My all-time favorite music business story involves a conversation between Walter Yetnikoff and David Geffen. It is a story that is both hysterically funny and, in its own way, appalling. I had considered it to be apocryphal but there it is, confirmed not once but twice, in HOWLING AT THE MOON, Walter Yetnikoff's autobiography.
Yetnikoff joined CBS Records Group as legal counsel in 1961 when its primary label imprints were Columbia and Epic. If you rummage through your record collection you undoubtedly have discs bearing Columbia's red label (Johnny Mathis, Mitch Miller, The Byrds, Simon and Garfunkel, Dylan, Dylan, Dylan) and Epic's yellow one (The Dave Clark Five, The Yardbirds). He was by 1975 President of the CBS Record Group, having transformed it into one of the most successful record labels in music history. The deal Yetnikoff brokered between CBS Records and a Japanese company named Sony continues to influence the music industry for good and for ill to this very day. It also, in part, contributed to Yetnikoff's downfall. HOWLING AT THE MOON is the story of Yetnikoff's meteoric rise and fall, and personal resurrection. It doesn't matter if you have never cared a whit about how records are made or rarely get to the shelves of your favorite retailer --- this book is an absolute joy to read on every conceivable level.
Yetnikoff brought about the success of CBS Records with a combination of brilliance and belligerence, uniting vision and business sense with a single-minded, obsessive pursuit of success. HOWLING AT THE MOON traces Yetnikoff's life, from his humble beginnings --- his family was what would now be called "working poor" --- to his ultimate, dazzling success. During the course of his first legal employment at a traditional law firm, he met a Harvard Law School graduate named Clive Davis, who chafed at the limitations that the firm imposed on him. Davis soon moved to Columbia Records and recruited Yetnikoff shortly thereafter. Yetnikoff found himself to be in his element at Columbia. Though it took him a while to find his sea legs, he soon became self-assured. An anecdotal meeting between Morris Levy (the real-life model for record mogul Herman "Hesh" Rabkin on The Sopranos) and Yetnikoff, wherein he diplomatically attempts to collect a debt on Columbia's behalf, demonstrates Yetnikoff's ability to engage in repartee, a talent that he honed to devastating, razor-like sharpness.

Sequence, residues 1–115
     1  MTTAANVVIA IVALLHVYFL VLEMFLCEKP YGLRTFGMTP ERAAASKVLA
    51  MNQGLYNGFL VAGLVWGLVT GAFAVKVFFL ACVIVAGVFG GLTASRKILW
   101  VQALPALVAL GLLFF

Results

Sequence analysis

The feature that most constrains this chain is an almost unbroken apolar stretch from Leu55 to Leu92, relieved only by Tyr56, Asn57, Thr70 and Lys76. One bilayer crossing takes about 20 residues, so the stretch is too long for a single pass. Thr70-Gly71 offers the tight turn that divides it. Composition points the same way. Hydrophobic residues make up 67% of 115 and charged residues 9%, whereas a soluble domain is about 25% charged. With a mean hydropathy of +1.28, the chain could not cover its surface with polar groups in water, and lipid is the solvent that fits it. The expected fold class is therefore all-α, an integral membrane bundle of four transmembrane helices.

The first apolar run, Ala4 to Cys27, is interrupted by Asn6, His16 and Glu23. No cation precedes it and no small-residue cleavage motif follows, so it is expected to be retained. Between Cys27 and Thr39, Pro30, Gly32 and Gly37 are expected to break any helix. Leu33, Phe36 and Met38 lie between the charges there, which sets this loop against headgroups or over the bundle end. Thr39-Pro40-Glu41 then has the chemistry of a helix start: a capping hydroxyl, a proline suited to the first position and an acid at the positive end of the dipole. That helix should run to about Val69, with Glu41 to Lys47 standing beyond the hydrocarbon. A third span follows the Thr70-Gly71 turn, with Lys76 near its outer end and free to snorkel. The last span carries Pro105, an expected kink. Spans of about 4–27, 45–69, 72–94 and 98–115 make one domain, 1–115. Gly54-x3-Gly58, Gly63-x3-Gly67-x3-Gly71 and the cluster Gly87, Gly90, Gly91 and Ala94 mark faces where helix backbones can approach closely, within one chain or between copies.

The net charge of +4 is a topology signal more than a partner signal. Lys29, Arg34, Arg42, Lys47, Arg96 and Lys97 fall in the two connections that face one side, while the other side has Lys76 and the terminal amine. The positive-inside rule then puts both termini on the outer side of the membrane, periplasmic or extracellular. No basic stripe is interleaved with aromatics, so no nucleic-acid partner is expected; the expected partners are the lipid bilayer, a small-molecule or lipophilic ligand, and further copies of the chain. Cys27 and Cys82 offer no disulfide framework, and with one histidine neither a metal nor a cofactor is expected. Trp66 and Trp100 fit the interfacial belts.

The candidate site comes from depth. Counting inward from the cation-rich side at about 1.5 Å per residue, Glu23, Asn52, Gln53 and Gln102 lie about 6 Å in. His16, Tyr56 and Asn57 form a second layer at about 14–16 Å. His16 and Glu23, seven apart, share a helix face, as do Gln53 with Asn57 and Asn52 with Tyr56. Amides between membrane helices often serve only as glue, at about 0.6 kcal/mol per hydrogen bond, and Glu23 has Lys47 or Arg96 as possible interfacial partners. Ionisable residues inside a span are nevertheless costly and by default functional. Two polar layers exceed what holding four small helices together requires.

Yetnikoff's success and excess rose in direct proportion. It is ironic that as his addictions increased --- and he could count coup on virtually every addiction known --- so too did Columbia's fortunes. HOWLING AT THE MOON is loaded with stories involving people you know of. Michael Jackson's descent into weirdness is chronicled here; while recent allegations regarding Jackson are not spoken of, Yetnikoff chronicles Jackson's metamorphosis from a good looking kid to a bizarre freak with a mixture of gentle abhorrence and genuine sympathy. James Taylor comes off surprisingly well, while Paul Simon, unsurprisingly, is presented as a self-absorbed prig. A story concerning a dinner encounter with Bob Dylan is hilarious, as Yetnikoff unerringly punctures Dylan's self-evident hypocrisy with some good-natured ribbing. While Yetnikoff's life is more or less presented in chronological order (the initial chapter begins the tale in media res, while the second chapter actually begins, as they say, at the beginning) you can pick up the book at any point and be instantly mesmerized and entertained.
It is accordingly fascinating, when consideration is given to the forgoing, that the most compelling portion of this book deals with Yetnikoff's fall from grace at Columbia, followed by his true and total embracing of recovery; through recovery, Yetnikoff found redemption. It is all the more stirring for being entirely unexpected, as we witness The Beast, The Wildman, transformed. And that is why HOWLING AT THE MOON is ultimately, more than anything else, an inspirational story. The conclusion brought tears to my eyes. Don't tell anyone, though.
HOWLING AT THE MOON is one for the "must read" list. Yetnikoff's story is incredible and cautionary. No matter who you are or what you do, you can come away from this tale entertained throughout, appalled in spots but ultimately inspired. Highest possible recommendation.
Reviewed by Joe Hartlaub on March 2, 2004